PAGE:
'Exorbitant' fee forces hybrid buses out of BGC
MANILA, Philippines – Green Frog hybrid buses will no longer be bringing passengers to Bonifacio Global City (BGC).
Green Frog Zero Emissions Transport, the first operator of partly electric buses in the country, announced that starting May 30, they will have to shorten their route.
Instead of their current Pasay-Makati-BGC route, their route will end in Makati, specifically in C5/Buting.
This is after the Bonifacio Estate Services Corporation (BESC) said it would charge every Green Frog bus P250 each time it enters BGC, a fee which Green Frog managers find excessive.
The amount translates to P12,500 a day or over P3 million a year, said Green Frog Managing Director Philip Apostol.
"Putting it in perspective: from Makati to Alabang via Skyway, a distance of over 20 kilometers, the toll is P164…BESC wants to charge us P250/bus/entry to use no more than 200 meters of BGC roads, That is the definition of exorbitant," he said.
Such a fee would make current operations unprofitable, forcing Green Frog to exclude BGC from their route.
Commuters to suffer
This will ultimately inconvenience the roughly 500 people who ride Green Frog buses to and from BGC, said Apostol.
It was at the request of passengers that Green Frog extended its line to Market! Market! in BGC starting last February.
But with the route shortened, the alternative for commuters is to take two jeepney rides: one from LRT Buendia or Taft to Guadalupe, and another from Guadalupe to Market! Market!
At P30 pesos, a Green Frog ride would be P2 more expensive – an expense bus passengers are willing to spend for the convenience.
Comments of Facebook users on Green Frog's announcement largely condemned the toll fee.
"Ang daming magsusuffer dito, lalo na sa amin na nasa BPO industry. What a shame," said Giampaolo Mercado Ea.
(Many will suffer from this, especially us in the BPO industry. What a shame.)
"San na po ulit route abala samin imbis na isang sakay na lang ako papasok," wrote Joseph Criste.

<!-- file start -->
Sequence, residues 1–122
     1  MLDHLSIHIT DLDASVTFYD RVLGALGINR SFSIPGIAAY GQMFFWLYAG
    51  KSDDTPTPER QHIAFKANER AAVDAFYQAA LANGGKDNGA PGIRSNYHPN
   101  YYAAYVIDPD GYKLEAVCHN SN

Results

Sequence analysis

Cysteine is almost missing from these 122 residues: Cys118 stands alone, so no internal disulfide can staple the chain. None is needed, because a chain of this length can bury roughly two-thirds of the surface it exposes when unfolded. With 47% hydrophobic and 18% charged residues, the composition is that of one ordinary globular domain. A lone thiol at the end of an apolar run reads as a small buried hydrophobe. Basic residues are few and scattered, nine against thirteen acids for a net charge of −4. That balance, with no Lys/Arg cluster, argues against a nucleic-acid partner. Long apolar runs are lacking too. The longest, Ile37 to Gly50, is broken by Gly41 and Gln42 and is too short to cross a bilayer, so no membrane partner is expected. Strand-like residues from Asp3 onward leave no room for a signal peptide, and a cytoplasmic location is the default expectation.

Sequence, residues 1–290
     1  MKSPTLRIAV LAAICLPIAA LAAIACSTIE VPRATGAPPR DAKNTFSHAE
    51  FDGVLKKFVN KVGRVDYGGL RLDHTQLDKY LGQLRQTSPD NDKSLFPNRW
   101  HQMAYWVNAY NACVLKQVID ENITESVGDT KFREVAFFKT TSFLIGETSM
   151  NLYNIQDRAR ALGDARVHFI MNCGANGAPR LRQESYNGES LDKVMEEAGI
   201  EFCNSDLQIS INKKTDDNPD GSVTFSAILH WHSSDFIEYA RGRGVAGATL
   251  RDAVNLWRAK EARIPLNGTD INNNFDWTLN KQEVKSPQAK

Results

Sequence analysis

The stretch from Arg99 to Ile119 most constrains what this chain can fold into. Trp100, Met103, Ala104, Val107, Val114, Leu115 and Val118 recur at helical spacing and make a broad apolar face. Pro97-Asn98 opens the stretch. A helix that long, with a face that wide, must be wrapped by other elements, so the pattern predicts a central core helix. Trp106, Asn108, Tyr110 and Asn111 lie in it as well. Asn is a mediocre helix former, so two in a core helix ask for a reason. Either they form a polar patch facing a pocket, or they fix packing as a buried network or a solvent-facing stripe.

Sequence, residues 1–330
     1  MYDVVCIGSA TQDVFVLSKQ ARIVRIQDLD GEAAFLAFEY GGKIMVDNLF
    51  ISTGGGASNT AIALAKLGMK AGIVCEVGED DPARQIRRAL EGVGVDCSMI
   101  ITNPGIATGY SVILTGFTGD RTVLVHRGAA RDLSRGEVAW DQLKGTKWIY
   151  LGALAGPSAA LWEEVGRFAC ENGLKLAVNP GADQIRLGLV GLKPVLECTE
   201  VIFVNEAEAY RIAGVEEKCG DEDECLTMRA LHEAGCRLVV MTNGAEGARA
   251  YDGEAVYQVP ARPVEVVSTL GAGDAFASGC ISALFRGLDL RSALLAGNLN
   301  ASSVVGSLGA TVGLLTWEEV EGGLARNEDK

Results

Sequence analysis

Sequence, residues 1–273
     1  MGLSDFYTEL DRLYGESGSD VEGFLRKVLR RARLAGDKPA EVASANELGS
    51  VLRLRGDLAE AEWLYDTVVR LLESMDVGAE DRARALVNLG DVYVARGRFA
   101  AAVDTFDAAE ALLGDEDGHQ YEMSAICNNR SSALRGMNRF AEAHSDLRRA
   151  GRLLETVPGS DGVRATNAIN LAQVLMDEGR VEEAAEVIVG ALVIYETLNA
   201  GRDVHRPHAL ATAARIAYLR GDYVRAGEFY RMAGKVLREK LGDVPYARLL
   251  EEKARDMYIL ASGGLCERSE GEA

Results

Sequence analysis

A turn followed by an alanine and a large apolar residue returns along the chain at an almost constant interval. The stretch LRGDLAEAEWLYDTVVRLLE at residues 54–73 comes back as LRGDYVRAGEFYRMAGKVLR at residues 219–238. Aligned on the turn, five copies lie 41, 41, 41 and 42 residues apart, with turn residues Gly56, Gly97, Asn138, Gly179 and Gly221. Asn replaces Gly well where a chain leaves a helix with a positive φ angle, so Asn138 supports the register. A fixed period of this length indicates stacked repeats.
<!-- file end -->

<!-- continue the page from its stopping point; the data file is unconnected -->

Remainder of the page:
(Where is the route going to be now? This is a hassle for us, unlike the single ride I take to work.)
"Maraming mahihirapan na naman sa pag-uwi. Malaking tulong sa tao ang hybrid bus. Grabeng laki ng toll fee naman," said Yen Orquiza.
(Many will have a hard time getting home. The hybrid buses are a great help to people. That toll fee is too much.)
BESC is yet to respond to Rappler's questions regarding the fee. BESC is a corporation that manages the development of Bonifacio Global City.
According to its website, its mandate is to "promote the general welfare, property, service and reputation" of BGC.
BESC's letter to Green Frog indicated that the fees are being imposed because of requirements the hybrid bus operator failed to meet.
The letter, dated May 26, was sent by BESC Manager Orliber Paule.
He said that 8 out of 10 Official Receipts for Vehicle Registration sent by Green were "already expired and are not classified as Hybrid vehicles."
Paule added that Green Frog is only allowed to operate hybrid vehicles inside BGC.
Green Frog buses would only be allowed to enter BGC after the "advance payment of vehicle pass of 250.00/bus/entry," reads the letter.
Aside from this, Green Frog was also asked to submit an updated Registration Form with the Land Transportation Office, endorsement from Taguig city government, updated emission test results and a monthly permit fee of P1,000.
The requirements, including the P250 per bus entry, are due on June 1, 6 days after the letter was sent.
But Apostol says all LTO registrations submitted to BESC are up-to-date. He said his bus company operates only hybrid buses.
He, however, admitted that they are yet to submit emission test results.
But he countered, "Are the jeepneys and the UV's inside BGC subjected to the same rigorous standards? The answer is no, since you see ancient, smoke belching jeepneys in BGC."
Hybrid buses, which run on a mix of electricity and diesel, have gained a good reputation for being energy-efficient and eco-friendly.
Such buses emit 80% less air pollution than a fully-diesel-powered bus. Using the same amount of fuel, such buses can travel twice as far as typical buses.
Proposed laws like the Alternative Fuel Vehicle Incentives Bill attempt to provide perks to encourage such forms of transportation.
Fully-electric vehicles and hybrid vehicles are seen as a way to reduce air pollution in the metro.
Around 80% of air pollution in Metro Manila comes from vehicles, according to the Department of Environment and Natural Resources. – Rappler.com